Image Credits: Google

In addition, Google is making it easier to confirm the card of choice without having to enter its security code — a number that people often have to manually look up.

Instead, Google will allow Chrome and Android users to verify their card details the same way they unlock their Android devices. That means users will be able to verify their card with a fingerprint, face scan or screen lock PIN. Users will also be able to set up device unlock that requires them to unlock their device before card details are shown. This feature is designed to keep card info safe from others who may have access to the device.

Image Credits: Google

The new features are rolling out now to Google Pay on the web and on Android.



Source link

Continue Reading

Tech

Peter Thiel-founded Valar Ventures raised a $300 million fund, half the size of its last one

Published

on

By


The perception in Silicon Valley is that every investor would love to be in business with Peter Thiel. But the venture capital fundraising environment has become so difficult that even Valar Ventures, one of the VC firms he helped found, has raised a much smaller fund this year compared to previous ones.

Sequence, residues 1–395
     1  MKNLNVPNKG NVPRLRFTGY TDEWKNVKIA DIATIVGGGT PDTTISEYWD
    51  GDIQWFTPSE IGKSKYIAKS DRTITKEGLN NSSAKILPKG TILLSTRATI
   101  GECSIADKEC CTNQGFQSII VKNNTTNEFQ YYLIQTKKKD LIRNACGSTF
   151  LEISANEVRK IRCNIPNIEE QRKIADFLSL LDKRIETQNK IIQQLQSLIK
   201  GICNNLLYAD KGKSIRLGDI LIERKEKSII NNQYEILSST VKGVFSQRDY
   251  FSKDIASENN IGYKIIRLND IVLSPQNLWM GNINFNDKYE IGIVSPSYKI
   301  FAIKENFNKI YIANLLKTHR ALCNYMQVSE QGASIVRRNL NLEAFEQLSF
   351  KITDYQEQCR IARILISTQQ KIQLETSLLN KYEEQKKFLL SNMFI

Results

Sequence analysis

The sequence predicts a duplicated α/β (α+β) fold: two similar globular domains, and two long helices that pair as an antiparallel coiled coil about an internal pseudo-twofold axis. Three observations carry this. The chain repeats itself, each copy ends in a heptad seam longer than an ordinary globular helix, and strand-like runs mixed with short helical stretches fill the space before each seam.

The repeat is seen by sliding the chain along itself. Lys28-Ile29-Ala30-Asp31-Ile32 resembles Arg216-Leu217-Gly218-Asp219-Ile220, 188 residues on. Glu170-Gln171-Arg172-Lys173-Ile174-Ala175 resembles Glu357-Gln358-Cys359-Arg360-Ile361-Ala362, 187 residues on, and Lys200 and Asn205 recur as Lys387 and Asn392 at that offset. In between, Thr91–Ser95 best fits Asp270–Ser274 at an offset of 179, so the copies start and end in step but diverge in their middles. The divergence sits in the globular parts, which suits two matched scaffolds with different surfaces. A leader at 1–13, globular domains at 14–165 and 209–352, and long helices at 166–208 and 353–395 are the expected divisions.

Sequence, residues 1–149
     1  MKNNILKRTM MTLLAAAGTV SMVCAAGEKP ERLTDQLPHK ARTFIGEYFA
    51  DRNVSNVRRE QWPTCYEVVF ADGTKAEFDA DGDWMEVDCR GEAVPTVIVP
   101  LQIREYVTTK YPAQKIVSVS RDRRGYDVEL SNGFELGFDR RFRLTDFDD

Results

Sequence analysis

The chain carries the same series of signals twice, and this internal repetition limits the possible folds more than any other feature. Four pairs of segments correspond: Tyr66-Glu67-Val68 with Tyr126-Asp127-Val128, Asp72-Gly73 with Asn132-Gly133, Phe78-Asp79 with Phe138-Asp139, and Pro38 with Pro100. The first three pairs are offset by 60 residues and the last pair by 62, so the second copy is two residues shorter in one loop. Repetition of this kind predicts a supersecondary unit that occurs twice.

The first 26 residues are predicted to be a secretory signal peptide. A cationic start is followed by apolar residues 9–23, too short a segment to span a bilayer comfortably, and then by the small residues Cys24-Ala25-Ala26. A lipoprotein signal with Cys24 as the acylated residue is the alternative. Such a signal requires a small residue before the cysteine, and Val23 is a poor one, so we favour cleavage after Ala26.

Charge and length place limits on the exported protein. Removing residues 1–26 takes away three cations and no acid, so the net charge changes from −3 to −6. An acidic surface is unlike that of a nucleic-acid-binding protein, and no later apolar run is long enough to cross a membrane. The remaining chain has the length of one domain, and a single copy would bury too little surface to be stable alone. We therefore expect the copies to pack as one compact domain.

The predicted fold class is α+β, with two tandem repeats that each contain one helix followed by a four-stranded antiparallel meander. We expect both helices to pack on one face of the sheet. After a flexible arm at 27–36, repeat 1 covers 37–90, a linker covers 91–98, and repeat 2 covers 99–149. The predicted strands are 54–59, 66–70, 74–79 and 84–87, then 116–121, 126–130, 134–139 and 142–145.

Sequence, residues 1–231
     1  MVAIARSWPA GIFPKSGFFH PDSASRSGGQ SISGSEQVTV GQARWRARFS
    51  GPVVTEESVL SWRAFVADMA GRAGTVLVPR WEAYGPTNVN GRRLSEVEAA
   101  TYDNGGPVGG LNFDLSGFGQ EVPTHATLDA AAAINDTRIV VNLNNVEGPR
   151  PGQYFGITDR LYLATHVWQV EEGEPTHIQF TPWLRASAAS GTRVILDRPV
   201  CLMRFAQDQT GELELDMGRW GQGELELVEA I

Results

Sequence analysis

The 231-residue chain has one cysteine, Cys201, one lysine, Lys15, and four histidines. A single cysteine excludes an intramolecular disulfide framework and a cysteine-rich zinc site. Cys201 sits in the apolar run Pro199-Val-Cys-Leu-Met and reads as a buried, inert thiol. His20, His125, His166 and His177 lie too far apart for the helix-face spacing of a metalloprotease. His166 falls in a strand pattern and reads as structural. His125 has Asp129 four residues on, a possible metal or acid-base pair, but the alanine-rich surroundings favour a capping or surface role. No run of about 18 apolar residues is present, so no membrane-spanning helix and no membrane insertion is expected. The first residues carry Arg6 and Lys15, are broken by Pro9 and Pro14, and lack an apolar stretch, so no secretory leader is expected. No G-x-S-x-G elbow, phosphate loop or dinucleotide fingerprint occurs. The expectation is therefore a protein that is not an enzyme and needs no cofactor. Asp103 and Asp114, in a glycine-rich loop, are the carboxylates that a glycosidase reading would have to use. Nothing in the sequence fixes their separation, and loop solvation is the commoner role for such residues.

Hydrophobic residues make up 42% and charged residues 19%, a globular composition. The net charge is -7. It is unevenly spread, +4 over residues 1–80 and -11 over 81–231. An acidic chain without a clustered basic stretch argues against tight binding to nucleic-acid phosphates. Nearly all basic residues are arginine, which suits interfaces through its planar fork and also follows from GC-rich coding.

Thiel set up Valar in 2010 and appointed Andrew McCormack and James Fitzgerald to run it. Both previously worked at his family office (Thiel Capital) and at Clarium Capital Management, the now-defunct hedge fund Thiel founded. It’s not clear how much involvement Thiel has in Valar these days. His name hasn’t been listed on the firm’s website among the team’s partners in many years. 

The New York-based firm has successfully raised a $300 million Valar Fund IX, according to a May 17 SEC filing. While that’s a decently sized fund, it is less than half of the predecessor, which closed on $665 million in July 2022. Valar raised over $863 million in late 2021 for its fund VII, according to SEC filings.   

Valar isn’t the only firm to target less money for its latest fund amid a tougher fundraising climate for venture funds — regardless of the notable names attached to them. Tiger Global raised 63% less than its original target in its latest fundraise. Insight Partners also reduced its fundraising target last year. And Founders Fund, arguably Thiel’s most prestigious VC firm, slashed the target of its eighth venture capital fund in half in 2023, from around $1.8 billion to around $900 million, although it reportedly did so for strategic reasons, rather than in response to the fundraising environment (and it also simultaneously did raise a $3.4 billion second growth fund, Axios reported).

“Raising these funds in the current market is a significant vote of confidence in our team and strategy,”  Fitzgerald told TechCrunch in an email. However, he didn’t respond to TechCrunch’s question about Valar’s current relationship with Thiel.